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Anglo American counts cost of Brazilian project

Company says Minas Rio project unlikely to cost less than £5 billion

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Global mining and minerals giant Anglo American has increased cost estimates for its troubled 26.5 MTPA Minas Rio iron ore project in Brazil to £5.04 billion (US$8 billion).

The project was due to commence production by mid-2014. However, it has been hit by legal, licensing and constructional impediments. In a statement on Tuesday, Anglo American said it was carrying out a detailed costs and outlay review for the project.

Prior to the latest announcement, the previous cost forecast of US$5.8 billion was already twice the original estimate published by FTSE100 miner.

"We are carrying out a detailed cost review to assess the impact of the already announced delay and the other disruptive challenges faced by the project which include high cost inflation across the construction industry in Brazil. The review includes an independent external assessment commissioned by the board," the company said.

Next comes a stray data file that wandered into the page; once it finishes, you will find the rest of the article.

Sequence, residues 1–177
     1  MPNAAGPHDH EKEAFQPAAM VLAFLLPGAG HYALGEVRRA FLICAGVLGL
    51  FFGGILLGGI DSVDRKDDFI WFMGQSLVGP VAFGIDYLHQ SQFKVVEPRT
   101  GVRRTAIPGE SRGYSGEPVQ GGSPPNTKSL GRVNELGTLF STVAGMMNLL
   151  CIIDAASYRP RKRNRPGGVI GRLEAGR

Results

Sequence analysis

A spokesperson said the mining major would provide further details once the cost review has been completed.

Separately, Anglo American also said its Kumba Iron Ore subsidiary in South Africa has flagged that its earnings for the current year are expected to be down by at least 20 percent on an annualised basis.

This was attributed to a drop in iron ore export prices this year, coupled with the impact on production following an illegal strike at its flagship Sishen Mine. Responding to Anglo American’s announcement, Société Générale analyst Alain William said the Kumba news is not incremental bad news on a group scale.

“Of far greater concern is the news on Minas Rio. We had capex of US$6.0 billion in our model. We also believe the project could be further delayed. Anglo American is still struggling to resolve the existing licensing challenges, with only two of the three injunctions satisfactorily removed during September 2012. The third injunction, which affects the construction of the electricity transmission line, has still to be dealt with,” he added.


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